It has to be said that in Scotland, social policy has taken some fairly fundamental steps in attempting to tackle some of the key health and social care inequalities which impact heavily on those living with disabilities and chronic ill-health. Free personal and nursing care for over 65s and free prescriptions for all Scottish residents have been major developments and we’ve gone further than the rest of the UK to protect those physically and mentally disabled adults most at risk through Adult Support and Protection legislation which allows social services to intervene in situations of harm and abuse even when that adult has capacity. These are social policies which are really quite progressive and intervention-led, and which make clear statements about the type of society Scotland wants to be.

Now with Self-directed Support legislation the Scottish Government have again made their commitment to social justice and equality for disabled and chronically ill people clear. By creating a mandate which allows individuals to have far greater control over their care, who provides it and how, this is policy making which is undeniably progressive in its spirit to empower service users, to no longer infantilise and de-voice disabled people, to value and give precedence to their lived experiences of their disability and/or health conditions. However, no matter how progressive in its intent, the core of self-directed support is completely stifled in practice. Our devolved powers might allow us to create the legislation, but we are utterly limited by our lack of resources. It’s all very well telling people that they now have the power to decide how and by whom their care is delivered but pretty fucking pointless if you give them a shitey budget and so there are only shitey options to pick from and you’ve got nae money to top it up because the DWP decided that you’re not quite disabled enough for full Personal Independence Payment. So empowering. Nawt.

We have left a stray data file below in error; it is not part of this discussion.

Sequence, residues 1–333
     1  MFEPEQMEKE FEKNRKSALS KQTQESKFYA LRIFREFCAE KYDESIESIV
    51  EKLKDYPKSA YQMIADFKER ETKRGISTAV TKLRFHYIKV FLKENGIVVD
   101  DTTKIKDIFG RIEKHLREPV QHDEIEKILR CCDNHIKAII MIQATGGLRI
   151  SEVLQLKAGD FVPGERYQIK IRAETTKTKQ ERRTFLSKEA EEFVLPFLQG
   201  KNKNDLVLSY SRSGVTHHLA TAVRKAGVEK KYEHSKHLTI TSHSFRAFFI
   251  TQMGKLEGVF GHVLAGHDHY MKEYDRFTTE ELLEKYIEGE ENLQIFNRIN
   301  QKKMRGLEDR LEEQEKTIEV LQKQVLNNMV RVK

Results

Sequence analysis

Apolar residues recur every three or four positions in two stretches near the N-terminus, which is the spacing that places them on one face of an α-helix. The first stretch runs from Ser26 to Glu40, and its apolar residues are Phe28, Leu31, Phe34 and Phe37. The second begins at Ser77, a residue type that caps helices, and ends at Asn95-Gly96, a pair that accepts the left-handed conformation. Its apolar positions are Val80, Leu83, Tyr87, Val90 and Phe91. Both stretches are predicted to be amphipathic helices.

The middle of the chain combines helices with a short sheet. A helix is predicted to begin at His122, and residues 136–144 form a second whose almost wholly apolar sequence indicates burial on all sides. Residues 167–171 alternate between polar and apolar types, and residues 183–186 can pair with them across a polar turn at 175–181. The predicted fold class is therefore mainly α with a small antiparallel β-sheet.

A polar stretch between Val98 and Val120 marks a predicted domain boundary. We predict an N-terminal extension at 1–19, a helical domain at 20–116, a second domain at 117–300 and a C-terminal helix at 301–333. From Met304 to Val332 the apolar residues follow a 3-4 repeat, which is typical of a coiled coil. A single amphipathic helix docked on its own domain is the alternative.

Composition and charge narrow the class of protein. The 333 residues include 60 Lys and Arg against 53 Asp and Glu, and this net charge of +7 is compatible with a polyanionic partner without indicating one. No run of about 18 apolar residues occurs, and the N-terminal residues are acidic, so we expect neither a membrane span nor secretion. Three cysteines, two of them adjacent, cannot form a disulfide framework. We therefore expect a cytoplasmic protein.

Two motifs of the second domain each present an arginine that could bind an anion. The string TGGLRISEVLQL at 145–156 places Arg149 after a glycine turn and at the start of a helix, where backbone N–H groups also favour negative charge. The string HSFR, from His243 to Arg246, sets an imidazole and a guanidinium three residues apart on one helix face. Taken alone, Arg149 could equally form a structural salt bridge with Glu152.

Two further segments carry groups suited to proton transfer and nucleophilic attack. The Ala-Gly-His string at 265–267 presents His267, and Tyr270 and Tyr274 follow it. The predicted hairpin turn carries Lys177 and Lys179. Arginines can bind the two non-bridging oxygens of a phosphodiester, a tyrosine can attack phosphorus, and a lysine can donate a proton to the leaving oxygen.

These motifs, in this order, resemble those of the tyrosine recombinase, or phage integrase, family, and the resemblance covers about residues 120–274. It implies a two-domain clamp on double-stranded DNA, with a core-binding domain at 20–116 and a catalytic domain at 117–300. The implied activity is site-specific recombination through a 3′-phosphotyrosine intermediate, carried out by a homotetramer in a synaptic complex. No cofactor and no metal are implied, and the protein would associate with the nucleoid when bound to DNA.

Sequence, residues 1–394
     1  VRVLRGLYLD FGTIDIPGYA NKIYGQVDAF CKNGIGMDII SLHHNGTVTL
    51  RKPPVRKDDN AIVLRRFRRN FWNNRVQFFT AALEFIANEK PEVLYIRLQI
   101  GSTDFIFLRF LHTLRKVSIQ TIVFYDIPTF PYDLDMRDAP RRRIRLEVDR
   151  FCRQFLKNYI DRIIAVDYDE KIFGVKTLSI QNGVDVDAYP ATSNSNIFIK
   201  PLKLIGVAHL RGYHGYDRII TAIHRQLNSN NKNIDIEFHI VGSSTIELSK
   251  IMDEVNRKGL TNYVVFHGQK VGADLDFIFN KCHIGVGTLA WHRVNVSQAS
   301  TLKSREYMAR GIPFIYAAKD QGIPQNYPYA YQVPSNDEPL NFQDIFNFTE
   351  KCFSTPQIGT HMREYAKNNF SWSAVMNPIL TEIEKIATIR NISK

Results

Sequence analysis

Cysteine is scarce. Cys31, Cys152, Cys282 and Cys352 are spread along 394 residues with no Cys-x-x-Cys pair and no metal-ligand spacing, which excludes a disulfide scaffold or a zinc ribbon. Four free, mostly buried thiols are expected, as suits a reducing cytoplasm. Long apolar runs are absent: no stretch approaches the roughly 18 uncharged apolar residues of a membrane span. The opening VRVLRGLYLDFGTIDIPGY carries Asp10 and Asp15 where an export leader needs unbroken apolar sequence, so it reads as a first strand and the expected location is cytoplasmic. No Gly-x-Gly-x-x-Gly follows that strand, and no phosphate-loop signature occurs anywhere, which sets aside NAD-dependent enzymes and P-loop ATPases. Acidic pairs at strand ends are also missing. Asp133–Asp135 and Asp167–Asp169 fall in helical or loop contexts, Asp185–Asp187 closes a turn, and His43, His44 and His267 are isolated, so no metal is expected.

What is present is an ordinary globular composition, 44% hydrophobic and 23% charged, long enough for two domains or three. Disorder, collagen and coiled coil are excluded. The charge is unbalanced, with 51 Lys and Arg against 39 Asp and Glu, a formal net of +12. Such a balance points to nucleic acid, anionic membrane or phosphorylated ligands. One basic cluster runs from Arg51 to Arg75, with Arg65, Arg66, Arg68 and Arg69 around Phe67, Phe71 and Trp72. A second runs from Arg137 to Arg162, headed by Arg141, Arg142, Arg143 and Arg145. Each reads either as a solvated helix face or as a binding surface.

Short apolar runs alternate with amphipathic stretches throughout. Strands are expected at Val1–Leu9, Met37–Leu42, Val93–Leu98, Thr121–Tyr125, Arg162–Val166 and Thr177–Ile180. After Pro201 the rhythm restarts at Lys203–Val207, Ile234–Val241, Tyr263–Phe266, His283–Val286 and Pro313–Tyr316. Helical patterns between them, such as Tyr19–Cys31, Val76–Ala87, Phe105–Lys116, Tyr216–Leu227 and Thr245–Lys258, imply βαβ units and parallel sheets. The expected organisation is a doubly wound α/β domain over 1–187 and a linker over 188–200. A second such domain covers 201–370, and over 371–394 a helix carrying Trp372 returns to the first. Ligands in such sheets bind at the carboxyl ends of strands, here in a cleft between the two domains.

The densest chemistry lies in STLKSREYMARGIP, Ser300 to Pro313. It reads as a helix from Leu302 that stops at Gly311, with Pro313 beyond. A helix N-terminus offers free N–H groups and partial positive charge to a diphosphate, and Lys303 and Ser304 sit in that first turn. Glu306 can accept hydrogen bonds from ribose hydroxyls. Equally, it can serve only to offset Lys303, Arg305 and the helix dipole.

What’s even more disturbing is that by being restricted by resources, the way of working under self-directed support and outcomes focused structures is very close to slipping neatly into the “big society” mentality pushed by Westminster. Rather than putting actual real meaningful resources into the hands of disabled people, self-directed support is in very real danger of becoming another exercise in taking way responsibility from the state and putting more responsibility and strain on unpaid carers and volunteer-run services. That is not ok. I’ve written about this with regard to foodbanks before – communities and individuals creating emergency responses does not mean that the state can wash its hands of all responsibility, call it the “big society” and allow the goodwill of people who don’t want to see their fellow citizens basically perish to become the a replacement for the welfare duties of the state.